From combat soldier to veterinary nurse to the youngest MK in the Knesset, Sharren Haskel has had an unconventional route into politics. In early October Haskel sat down with deputy editor Samuel Nurding to discuss how she believes she can change Israel for the better, her vision for the future of the West Bank and Gaza, and her long-term goals in what she calls the ‘Israeli political zoo’. Download a PDF version here.
Samuel Nurding: How and why did you get into politics?
Sharren Haskel: I never thought I would end up in politics. After my military service – I served as a combat fighter in the Border Patrol based in Jerusalem during the Second Intifada, and subsequently did an officers’ course – I decided to move overseas. I lived in the US before moving to Australia for six years, where I studied veterinary nursing, worked in an animal hospital and volunteered in a NGO that rescued injured wildlife. I decided to move back to Israel and volunteered at Minister Michael Eitan’s [a former Likud MK] office and became more involved in local politics through different right-wing youth groups as large scale economic protests were happening around the country. While there were many slogans, I recall there were very few in-depth conversations about what the real problems were or how to resolve them.
I joined the New Liberal Movement (liberal in the classical sense) and became more active in advancing economic issues such as promoting the free market, reducing taxes, bureaucracy and red tape, which I believe are suffocating our generation in Israel. The volunteering position with Minister Eitan opened up the political world for me. I studied the field, began to learn how it works and finished a Masters in International Relations. After two years I was asked by the Likud to compete for a seat in my local municipality. In 2015 when Prime Minister Benjamin Netanyahu decided to go to elections I ran for a seat in the Knesset. I had planned to own a farm but I ended up in the Israeli political zoo.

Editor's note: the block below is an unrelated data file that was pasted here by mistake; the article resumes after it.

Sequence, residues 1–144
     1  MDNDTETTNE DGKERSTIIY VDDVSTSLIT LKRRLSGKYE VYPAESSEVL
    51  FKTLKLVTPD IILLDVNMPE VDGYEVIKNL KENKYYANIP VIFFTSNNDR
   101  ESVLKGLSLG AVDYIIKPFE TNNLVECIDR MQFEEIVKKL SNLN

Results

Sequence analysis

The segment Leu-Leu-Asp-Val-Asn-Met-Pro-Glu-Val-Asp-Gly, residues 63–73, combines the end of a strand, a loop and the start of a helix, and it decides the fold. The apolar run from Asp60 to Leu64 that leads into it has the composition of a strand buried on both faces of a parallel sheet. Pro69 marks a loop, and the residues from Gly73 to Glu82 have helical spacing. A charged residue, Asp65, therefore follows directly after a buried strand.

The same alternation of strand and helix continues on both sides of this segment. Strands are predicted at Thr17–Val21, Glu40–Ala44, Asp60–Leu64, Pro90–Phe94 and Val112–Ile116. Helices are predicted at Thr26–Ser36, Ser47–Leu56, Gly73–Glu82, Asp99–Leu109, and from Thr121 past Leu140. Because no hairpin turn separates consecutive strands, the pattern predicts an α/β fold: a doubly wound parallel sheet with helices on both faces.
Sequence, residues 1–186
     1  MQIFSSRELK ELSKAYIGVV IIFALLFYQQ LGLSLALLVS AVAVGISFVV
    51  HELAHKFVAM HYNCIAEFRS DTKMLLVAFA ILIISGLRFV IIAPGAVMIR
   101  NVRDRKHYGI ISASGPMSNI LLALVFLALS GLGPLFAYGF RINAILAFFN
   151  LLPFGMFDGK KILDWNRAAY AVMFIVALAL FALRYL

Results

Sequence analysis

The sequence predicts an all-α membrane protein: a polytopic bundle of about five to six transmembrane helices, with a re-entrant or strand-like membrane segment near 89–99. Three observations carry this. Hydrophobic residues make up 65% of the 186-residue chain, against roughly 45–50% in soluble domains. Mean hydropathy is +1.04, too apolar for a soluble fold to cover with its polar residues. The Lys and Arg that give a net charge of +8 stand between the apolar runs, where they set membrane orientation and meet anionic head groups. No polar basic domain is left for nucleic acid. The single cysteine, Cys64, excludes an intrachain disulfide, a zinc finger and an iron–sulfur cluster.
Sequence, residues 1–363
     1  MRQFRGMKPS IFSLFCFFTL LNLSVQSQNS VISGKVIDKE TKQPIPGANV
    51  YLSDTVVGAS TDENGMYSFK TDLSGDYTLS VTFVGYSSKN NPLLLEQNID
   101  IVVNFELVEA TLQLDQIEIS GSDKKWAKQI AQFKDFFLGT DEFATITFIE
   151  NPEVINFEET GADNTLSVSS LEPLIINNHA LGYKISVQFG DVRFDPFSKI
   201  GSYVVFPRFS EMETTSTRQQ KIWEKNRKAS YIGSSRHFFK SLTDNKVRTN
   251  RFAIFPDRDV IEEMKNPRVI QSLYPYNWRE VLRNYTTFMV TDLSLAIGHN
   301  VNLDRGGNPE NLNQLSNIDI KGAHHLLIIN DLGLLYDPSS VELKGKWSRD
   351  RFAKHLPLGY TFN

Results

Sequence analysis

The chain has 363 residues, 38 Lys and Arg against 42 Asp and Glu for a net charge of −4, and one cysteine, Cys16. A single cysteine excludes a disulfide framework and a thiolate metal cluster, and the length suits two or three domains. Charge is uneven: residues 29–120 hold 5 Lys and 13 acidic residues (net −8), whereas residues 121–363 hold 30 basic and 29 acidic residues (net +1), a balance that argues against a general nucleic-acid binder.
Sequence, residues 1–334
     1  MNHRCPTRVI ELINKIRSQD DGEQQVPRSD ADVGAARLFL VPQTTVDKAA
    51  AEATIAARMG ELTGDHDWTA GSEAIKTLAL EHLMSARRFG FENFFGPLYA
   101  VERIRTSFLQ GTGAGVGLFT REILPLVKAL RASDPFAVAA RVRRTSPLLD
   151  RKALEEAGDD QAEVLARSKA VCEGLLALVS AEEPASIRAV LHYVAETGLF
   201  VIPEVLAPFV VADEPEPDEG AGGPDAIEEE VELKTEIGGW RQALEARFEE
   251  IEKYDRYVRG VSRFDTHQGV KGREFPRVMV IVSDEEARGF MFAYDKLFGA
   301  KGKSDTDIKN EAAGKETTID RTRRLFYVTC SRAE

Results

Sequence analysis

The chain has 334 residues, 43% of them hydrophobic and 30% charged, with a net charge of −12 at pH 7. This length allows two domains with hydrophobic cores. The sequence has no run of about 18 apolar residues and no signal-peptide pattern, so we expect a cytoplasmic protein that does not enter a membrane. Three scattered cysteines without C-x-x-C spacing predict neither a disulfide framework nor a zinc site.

SN: What experience most shaped your political orientation?
SH: Socio-economically I was very influenced by my family and childhood. When I was 12 I began working for a pizza company – I would go to high-school in the day and work in the evenings. And my father, who had to drop out of school and start work from a very young age to provide for his family, instilled in me a belief that the more productive you are as a human being the more rewarded you’ll be.
Having family from all around the world (my mother is Moroccan French) has also given me a perspective on how Israel is viewed from the outside. READ MORE.